As already mentioned, the international courts do not possess the definite legal power to rule over individual nations. The PCIJ (Permanent Court of International Justice), preliminary stage of the ICC and the ICC, was established by the League of Nations at the outbreak of World War I. The weakness of the PCIJ was that not only did it lack a forceful measure but also it failed to acquire global consensus. Yet, the PCIJ itself contributed to the underlying factors of today's courts; the international courts encumber international obligations, which cannot be sufficiently adjudicated by domestic institutions.

  Such a fundamental notion seemed to be crystallized by the ICC and the ICJ, and yet obstacles still exist hampering the promotion of human rights and rendering justice. The most immediate problem is the lack of support from individual nations. For instance, when the ICJ was first established, the U.S. approved of its existence but simultaneously asserted responsibility over matters essentially within the domestic jurisdiction of the U.S. as determined by the U.S. In general, international courts or tribunals can activate their jurisdictions when individual nations grant such rights to them under specific terms.

   
▲ Photographed by Kim Hye-ji




"Redressing past injustice, becomes an essential step towards peace and reconciliation."
- Martin Nesirky (Reuters Bureau Chief in Seoul)

 

 


The world today

  "As I strongly urge, the utmost challenging factor for the international courts is the resistance of nations by protecting the national sovereignty along with the national jurisdiction," says Prof. Hong. Problems have existed since the inception of such institutions, as clearly demonstrated by the stance of the U.S. However, according to Nesirky, "In a world where human rights as universal values prevail over lesser values, every nation is responsible and eligible to become a part of the process in order to promote and further strengthen the ties among nations. Moreover it is undeniable that such institutions as the international courts must be encouraged to continue their works."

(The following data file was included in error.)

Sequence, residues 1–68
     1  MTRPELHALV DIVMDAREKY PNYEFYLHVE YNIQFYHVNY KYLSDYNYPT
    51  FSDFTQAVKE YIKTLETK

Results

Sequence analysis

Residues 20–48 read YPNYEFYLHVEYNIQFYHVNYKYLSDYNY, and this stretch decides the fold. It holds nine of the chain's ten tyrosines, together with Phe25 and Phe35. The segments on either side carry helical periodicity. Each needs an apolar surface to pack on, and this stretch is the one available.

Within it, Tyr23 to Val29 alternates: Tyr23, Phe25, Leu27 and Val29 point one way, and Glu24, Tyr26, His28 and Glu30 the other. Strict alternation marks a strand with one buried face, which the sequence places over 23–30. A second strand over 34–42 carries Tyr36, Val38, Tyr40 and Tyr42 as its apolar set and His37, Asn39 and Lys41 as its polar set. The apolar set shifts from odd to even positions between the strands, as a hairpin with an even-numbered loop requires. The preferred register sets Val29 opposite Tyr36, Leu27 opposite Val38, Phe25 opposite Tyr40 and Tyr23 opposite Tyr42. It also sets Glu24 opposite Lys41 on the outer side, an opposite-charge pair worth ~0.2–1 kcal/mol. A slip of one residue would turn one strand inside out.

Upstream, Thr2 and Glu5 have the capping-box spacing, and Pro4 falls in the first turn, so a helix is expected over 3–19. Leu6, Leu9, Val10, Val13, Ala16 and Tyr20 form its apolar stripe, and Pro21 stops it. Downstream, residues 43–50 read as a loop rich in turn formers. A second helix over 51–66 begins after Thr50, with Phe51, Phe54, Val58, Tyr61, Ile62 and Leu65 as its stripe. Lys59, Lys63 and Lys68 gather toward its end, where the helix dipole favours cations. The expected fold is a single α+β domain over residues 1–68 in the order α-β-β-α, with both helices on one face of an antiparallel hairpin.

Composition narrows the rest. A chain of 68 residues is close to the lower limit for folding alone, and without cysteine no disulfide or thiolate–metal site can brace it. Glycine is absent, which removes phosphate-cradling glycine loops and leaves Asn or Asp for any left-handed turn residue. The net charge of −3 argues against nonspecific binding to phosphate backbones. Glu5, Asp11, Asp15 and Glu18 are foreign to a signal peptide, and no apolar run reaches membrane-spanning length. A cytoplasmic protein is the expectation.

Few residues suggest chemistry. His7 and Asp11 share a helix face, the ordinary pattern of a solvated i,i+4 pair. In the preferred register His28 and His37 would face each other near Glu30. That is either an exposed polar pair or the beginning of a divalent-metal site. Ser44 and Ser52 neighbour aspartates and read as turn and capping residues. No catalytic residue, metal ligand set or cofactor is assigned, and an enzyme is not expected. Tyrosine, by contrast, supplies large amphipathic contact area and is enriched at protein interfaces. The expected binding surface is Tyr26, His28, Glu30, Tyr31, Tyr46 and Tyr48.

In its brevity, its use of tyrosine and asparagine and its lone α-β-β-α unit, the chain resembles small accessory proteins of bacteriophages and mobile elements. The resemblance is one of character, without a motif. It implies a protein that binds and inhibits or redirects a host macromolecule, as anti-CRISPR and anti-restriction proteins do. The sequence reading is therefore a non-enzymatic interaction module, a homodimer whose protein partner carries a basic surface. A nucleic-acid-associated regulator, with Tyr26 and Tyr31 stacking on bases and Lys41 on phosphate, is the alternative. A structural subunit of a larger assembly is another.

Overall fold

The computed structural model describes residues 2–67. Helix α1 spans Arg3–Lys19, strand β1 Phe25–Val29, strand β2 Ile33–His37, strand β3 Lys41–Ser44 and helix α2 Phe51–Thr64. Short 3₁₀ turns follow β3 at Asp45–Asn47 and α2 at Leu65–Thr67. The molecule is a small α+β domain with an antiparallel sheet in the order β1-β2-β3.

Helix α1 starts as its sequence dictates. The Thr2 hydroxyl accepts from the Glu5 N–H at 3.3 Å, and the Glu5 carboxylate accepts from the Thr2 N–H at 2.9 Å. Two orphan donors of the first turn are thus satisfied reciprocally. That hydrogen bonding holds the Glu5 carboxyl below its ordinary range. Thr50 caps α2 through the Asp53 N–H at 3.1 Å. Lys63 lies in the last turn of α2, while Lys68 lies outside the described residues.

The factors and determinants of the international courts are especially essential to solving their weaknesses. The nature of such factors greatly changes in accordance with the vicissitudes of the world, yet their dynamics and the correlations have not changed. Some may work as complementary but others may function in opposition. "Among numerous factors are the political will or determination, rigorous and active cooperation of the nation, and NGO (Non-Governmental Organizations) and individuals advocating human rights, which play a pivotal role in redesigning the function and power of the international courts," says Prof. Hong.